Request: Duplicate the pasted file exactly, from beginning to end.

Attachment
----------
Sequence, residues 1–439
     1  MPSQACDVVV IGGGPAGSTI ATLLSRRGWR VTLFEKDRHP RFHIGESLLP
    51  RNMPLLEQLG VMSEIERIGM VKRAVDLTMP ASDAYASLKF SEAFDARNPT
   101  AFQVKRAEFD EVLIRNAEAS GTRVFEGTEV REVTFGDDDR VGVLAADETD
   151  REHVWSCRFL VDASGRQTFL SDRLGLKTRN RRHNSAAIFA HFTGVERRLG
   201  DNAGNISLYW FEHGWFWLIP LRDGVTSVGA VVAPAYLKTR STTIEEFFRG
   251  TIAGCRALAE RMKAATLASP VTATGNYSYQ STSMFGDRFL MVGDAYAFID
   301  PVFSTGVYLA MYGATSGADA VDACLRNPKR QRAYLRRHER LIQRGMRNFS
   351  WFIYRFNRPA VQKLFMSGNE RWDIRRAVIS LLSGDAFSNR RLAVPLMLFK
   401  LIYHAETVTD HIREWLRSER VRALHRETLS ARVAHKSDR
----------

Sequence, residues 1–439
     1  MPSQACDVVV IGGGPAGSTI ATLLSRRGWR VTLFEKDRHP RFHIGESLLP
    51  RNMPLLEQLG VMSEIERIGM VKRAVDLTMP ASDAYASLKF SEAFDARNPT
   101  AFQVKRAEFD EVLIRNAEAS GTRVFEGTEV REVTFGDDDR VGVLAADETD
   151  REHVWSCRFL VDASGRQTFL SDRLGLKTRN RRHNSAAIFA HFTGVERRLG
   201  DNAGNISLYW FEHGWFWLIP LRDGVTSVGA VVAPAYLKTR STTIEEFFRG
   251  TIAGCRALAE RMKAATLASP VTATGNYSYQ STSMFGDRFL MVGDAYAFID
   301  PVFSTGVYLA MYGATSGADA VDACLRNPKR QRAYLRRHER LIQRGMRNFS
   351  WFIYRFNRPA VQKLFMSGNE RWDIRRAVIS LLSGDAFSNR RLAVPLMLFK
   401  LIYHAETVTD HIREWLRSER VRALHRETLS ARVAHKSDR